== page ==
May 31st, 2024


I’ve been walking around the house in the Aircast boot with no other support for a while now. This was not strictly speaking what they told me to do, because the instructions were “partial weight bearing with boot and crutches” until I saw the consultant six weeks after surgery. But my foot was no longer significantly swollen, the scars had largely healed and I was in virtually no pain, so in the absence of any very clear instructions of what partial weight bearing actually meant, I did this.

From the date of the operation.
Instructions – Two weeks non-weight bearing with crutches. I did the completely non-weight bearing part. I allowed my foot to rest on the floor in the boot when sitting down, but apart from that I used a wheelchair. With our setup it was frankly daft to use the crutches as I was exercising my legs every day anyway and had no problem with my balance. During this time I did not remove the boot even to sleep. I also exercised in it every day – 70 straight leg lifts, 70 bent leg lifts, 30 seated toe touches, 100 various situps plus my usual arm exercises. I did not move my foot at all except for very gentle backward and forwrds movements from the ankle, plus twiddling my toes a bit. I iced my foot for four hours a day by placing an icepack behind my knee (I got this one from a nurse on the Internet who used this technique herself). I also sat with my foot as close to heart height as I could manage for about 80% of the time I wasn’t actually in bed.
Instructions – After two weeks remove dressing (nurse at hospital) then partially weight bearing with boot and crutches for another four weeks. The nurse couldn’t tell me what degree of weight bearing the doctor had meant, so I did this. For the first two weeks (week three and four after the operation) I walked rather gingerly with the boot and two crutches at what I judged might be 50%. At the end of this time I was walking fluently with no pain, so I transitioned to leaning heavily on one crutch (I would estimate 70% weight bearing on to the boot). I would have stuck with this a bit longer, but having to lean behind me with my right arm all the time (not just the crutch but other activities like getting an out of the wheelchair at night) was starting to give me pain in my right arm, so I transitioned to just the boot a bit early (five and a half weeks after the op). Same exercises, still in boot. Added exercise cycle for half an hour a day, also in boot.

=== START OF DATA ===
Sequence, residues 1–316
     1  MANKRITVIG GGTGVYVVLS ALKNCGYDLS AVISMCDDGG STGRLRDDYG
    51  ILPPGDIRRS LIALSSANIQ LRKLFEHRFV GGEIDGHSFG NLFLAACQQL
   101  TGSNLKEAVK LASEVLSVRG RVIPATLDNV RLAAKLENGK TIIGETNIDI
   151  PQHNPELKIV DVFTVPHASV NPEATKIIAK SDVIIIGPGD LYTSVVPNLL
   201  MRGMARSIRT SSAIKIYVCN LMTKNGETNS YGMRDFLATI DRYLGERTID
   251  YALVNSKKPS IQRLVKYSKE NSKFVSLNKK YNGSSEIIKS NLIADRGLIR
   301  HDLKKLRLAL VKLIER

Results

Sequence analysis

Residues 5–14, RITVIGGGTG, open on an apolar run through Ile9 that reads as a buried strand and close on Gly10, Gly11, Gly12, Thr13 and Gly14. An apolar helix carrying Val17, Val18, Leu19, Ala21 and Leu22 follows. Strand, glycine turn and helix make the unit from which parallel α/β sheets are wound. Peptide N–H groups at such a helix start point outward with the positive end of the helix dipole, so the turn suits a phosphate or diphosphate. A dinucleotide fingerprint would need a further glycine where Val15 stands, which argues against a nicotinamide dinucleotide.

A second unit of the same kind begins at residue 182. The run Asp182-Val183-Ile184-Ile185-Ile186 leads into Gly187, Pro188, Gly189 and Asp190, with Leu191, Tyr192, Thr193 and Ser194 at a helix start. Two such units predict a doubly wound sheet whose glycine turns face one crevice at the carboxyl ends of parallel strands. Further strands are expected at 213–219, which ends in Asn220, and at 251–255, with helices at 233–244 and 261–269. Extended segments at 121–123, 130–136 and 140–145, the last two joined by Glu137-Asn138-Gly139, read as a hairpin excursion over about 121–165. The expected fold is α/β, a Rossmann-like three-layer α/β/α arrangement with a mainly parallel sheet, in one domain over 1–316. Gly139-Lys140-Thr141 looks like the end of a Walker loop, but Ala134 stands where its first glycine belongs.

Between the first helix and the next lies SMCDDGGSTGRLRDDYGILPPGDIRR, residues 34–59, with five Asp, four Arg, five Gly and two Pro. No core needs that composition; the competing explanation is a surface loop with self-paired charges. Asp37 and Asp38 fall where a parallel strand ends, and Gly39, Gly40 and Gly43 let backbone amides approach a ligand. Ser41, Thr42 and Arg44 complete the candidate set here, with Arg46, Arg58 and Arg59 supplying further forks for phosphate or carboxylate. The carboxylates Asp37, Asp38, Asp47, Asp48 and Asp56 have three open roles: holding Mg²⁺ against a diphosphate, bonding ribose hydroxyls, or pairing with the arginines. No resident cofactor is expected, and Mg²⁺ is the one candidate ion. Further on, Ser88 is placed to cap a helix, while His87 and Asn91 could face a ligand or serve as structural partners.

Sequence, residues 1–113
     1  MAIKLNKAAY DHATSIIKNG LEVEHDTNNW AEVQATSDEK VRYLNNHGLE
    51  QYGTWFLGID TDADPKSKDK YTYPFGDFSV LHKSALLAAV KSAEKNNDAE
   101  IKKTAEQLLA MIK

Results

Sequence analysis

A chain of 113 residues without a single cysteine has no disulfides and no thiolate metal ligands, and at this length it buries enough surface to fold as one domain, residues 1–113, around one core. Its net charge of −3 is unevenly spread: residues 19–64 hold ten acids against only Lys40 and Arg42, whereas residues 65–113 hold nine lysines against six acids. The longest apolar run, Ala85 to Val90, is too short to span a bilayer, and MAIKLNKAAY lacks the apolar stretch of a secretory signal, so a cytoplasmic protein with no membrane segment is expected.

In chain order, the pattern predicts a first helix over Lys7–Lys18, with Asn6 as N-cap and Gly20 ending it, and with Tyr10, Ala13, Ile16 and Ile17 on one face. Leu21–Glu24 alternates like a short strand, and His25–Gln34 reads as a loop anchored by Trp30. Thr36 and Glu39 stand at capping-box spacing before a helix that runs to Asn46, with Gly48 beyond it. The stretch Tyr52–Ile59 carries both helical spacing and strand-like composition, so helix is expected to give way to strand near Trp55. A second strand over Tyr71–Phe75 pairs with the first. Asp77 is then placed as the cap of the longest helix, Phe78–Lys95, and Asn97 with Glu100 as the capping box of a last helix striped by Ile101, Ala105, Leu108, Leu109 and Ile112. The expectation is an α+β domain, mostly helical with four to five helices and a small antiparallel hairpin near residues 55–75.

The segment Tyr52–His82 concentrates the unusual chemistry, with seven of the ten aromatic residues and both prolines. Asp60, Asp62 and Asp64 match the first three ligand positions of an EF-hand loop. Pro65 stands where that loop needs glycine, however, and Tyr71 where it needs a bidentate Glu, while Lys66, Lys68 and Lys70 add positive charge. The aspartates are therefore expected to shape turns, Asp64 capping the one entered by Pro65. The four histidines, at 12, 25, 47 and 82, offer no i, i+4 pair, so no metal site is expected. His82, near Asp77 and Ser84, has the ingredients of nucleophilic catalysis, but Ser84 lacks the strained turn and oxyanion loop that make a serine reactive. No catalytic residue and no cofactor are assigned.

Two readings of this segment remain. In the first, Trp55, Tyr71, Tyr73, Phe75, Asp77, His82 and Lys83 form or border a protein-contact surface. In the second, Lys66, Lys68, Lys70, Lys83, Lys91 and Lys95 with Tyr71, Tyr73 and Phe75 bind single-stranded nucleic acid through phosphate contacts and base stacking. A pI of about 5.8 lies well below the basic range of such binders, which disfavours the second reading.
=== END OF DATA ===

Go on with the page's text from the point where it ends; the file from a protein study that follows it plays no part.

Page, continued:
At six weeks (which was when I should have seen the consultant, but in practice it was nearly seven weeks by the time I saw him), I removed the front plate from the boot as it was no longer filling any useful purpose. I also started doing the leg exercises with the boot off, although I was still wearing it to cycle. I still iced my foot (now in an ice boot I bought from Amazon) and sat with it elevated for three to four hours a day when possible.

Today I saw the consultant, seven weeks after the op. I was half expecting him to complain about the fact that although I was carrying the crutches for show, I was hardly touching them to the ground at all. I was also a bit nervous that my excessive activity might have caused my foot damage. But in fact he seemed really pleased at how I had come on, examined me, and quite unexpectedly told me to stand up putting my full weight on both bare feet. Bear in mind that I hadn’t done this for more than six months – it was pretty painful but not excruciatingly so.

So in an unexpected move he told me to go home, wear my own supportive shoes, and see the physio for gentle exercises. I am also to walk as much as possible trying to keep my foot straight by deliberately turning it inwards. In six weeks I go to see him again for hopefully the final set of X-Rays.

At home I put my shoes on and walked around a bit. My foot is still skewing outwards, but not half as badly as it was. A bit of pain but not too bad now it is cushioned by my trainers.